Abdominal aortic aneurysm (AAA) is a condition in which the lining of the blood vessel called the aorta is enlarged within the abdomen.
Ultrasound is used to measure the size the abdominal aorta. The process is painless. You lie on your back on an exam table while a technologist applies gel to your abdomen. The technologist then takes images and measurements of your aorta by moving an instrument called a transducer across your abdomen.
When you go for your for your abdominal aortic aneurysm screening, remember:
Wear a comfortable 2-piece outfit consisting
of loose clothing.
Fast for 4 hours prior to your screening.
Make sure the meal you eat 4 hours prior to your screening is a light one (less than 1/2 of what you normally eat of non-gassy food).
If you are thirsty during your fasting period, you may have 1/2 cup of coffee or tea and a moderate amount of water.
If you take medication, take it as prescribed.
If you are diabetic and are not comfortable fasting for 4 hours, please limit yourself to a "diabetic meal" (piece of toast, 1 cup of any kind of juice and 1/2 cup of coffee or tea). If you are in doubt, please follow your diabetic care plan.
The aorta is the main blood vessel that carries blood from the heart to the rest of the body. It extends from the chest to the abdomen, where it branches into the iliac arteries. The iliac arteries carry blood to lower parts of the body and to the legs. Sometimes with aging or other changes, a section of the aorta may weaken and begin to bulge.
This bulge can enlarge over time as the walls of the aorta become thinner and stretch (like a balloon). This bulge in the aorta is called an aneurysm.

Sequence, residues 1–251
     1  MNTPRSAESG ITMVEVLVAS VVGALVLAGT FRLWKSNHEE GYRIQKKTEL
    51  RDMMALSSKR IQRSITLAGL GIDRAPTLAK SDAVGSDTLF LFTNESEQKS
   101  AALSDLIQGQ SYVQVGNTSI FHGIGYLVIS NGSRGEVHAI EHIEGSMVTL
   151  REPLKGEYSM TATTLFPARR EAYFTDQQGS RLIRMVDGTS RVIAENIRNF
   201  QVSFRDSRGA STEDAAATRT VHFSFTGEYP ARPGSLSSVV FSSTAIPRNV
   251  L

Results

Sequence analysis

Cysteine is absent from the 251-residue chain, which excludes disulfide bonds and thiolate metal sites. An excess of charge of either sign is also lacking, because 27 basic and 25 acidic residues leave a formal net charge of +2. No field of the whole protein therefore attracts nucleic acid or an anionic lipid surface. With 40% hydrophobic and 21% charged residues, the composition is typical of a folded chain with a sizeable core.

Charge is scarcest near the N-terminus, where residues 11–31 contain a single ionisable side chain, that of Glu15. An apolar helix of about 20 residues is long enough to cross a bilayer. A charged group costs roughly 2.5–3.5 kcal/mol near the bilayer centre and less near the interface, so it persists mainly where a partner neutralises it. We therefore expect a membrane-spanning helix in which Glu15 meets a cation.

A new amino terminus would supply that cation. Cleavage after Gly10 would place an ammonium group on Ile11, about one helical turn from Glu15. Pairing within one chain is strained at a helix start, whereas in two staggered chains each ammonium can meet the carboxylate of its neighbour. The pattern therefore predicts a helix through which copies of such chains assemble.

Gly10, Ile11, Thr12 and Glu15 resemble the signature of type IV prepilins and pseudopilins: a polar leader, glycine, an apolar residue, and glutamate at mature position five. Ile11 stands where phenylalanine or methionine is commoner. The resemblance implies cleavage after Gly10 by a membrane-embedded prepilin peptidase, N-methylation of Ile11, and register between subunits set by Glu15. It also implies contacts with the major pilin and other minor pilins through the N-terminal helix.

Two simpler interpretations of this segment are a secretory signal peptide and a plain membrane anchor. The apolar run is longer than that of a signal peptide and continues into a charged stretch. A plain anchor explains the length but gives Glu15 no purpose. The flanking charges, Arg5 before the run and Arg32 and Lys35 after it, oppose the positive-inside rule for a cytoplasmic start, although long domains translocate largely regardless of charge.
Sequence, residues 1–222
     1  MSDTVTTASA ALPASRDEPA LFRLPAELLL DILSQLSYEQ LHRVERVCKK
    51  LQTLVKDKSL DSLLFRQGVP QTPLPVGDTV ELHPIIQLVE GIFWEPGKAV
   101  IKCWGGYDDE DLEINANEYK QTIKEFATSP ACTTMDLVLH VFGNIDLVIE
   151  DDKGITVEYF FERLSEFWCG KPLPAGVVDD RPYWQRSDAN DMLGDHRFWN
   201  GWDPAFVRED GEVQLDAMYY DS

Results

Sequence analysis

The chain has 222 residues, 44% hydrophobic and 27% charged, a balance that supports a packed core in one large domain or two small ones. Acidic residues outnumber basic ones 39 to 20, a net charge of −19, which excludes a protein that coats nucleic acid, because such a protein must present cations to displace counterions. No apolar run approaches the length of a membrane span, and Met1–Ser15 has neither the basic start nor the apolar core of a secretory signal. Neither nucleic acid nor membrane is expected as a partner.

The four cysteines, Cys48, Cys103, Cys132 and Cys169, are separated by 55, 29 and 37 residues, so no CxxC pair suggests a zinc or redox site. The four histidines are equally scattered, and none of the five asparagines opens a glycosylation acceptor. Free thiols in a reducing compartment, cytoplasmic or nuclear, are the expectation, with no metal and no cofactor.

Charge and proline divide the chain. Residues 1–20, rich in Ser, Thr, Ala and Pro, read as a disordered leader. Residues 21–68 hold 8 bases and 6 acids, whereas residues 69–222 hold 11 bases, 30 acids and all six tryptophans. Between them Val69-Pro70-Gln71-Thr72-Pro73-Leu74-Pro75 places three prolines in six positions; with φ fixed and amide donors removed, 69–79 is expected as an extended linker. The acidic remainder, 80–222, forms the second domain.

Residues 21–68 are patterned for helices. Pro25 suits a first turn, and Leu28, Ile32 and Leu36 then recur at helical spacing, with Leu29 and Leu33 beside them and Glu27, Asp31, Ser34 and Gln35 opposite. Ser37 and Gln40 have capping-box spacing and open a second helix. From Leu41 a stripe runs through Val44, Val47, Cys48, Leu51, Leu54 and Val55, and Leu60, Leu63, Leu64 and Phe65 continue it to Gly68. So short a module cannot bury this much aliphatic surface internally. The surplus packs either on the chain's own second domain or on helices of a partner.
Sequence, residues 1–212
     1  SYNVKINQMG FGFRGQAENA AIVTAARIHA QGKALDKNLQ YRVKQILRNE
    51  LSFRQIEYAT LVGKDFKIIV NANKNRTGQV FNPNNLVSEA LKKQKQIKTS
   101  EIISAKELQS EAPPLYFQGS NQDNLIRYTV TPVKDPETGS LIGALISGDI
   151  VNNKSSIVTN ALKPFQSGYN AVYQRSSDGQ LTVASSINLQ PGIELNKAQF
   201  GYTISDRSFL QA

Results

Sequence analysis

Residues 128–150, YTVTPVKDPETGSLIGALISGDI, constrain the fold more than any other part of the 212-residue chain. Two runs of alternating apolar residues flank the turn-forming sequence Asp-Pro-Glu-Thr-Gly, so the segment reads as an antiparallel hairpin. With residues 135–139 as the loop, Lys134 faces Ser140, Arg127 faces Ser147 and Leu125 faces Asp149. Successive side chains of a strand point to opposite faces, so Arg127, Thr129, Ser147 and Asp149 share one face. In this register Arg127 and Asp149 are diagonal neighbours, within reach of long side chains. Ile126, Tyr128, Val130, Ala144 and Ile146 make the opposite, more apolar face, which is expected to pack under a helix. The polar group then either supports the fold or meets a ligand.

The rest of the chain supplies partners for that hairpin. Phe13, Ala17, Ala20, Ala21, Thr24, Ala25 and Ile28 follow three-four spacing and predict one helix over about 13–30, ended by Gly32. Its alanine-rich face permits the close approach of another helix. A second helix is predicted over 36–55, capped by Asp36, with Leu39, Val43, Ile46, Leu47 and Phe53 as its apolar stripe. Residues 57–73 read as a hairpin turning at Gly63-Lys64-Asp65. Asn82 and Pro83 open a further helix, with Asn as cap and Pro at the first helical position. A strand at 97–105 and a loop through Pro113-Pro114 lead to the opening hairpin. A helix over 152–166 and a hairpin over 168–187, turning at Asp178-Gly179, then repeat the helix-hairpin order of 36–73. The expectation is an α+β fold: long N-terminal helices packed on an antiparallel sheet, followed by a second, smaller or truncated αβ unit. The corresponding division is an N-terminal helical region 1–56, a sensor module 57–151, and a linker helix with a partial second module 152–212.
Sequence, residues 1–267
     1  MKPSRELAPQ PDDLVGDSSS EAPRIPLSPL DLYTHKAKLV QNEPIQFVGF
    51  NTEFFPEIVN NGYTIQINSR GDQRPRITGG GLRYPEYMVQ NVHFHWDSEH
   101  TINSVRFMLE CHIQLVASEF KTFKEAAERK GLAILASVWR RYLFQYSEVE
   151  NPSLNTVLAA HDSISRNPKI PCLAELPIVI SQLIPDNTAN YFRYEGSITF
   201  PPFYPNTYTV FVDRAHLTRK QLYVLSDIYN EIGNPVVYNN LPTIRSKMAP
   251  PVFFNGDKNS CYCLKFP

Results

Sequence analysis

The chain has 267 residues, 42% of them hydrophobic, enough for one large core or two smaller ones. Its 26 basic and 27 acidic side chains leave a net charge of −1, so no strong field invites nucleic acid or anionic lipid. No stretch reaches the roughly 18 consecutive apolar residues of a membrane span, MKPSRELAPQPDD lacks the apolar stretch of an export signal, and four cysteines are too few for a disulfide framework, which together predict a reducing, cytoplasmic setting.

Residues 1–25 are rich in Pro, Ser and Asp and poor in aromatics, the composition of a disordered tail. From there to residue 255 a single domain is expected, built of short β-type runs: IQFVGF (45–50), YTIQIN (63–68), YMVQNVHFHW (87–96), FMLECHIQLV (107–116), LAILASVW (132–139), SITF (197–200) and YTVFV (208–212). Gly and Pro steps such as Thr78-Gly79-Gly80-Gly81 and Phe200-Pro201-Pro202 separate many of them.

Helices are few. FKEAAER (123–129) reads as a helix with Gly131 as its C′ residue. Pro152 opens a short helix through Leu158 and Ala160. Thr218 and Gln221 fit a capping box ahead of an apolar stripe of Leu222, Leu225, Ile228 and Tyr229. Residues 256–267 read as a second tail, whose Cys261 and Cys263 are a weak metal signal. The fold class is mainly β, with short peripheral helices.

Sometimes an aneurysm occurs in the part of the aorta that runs through the abdomen (the stomach). This is called an abdominal aortic aneurysm AAA.
In its early stages, when an AAA is small, it may not pose an immediate health risk. However, your doctor will want to check its condition regularly.
In later stages, if the AAA continues to grow, the aorta's walls can become thin and lose their ability to stretch. The weakened sections of the aortic wall may become unable to support the force of blood flow. Such an aneurysm could burst, causing serious internal bleeding.
What are some of the symptoms of an AAA?
Unfortunately, in most cases patients have no symptoms of an AAA. For people who do have symptoms, the most common one is pain. The pain can be in the abdomen, back or chest. It could be anything from a mild pain to a severe pain or tenderness in the mid or upper abdomen or lower back. Some patients feel the aneurysm as a pulsating or throbbing mass in their abdomen. Many patients feel none of these symptoms, yet may still have an AAA.
American Heart Association
American Heart Association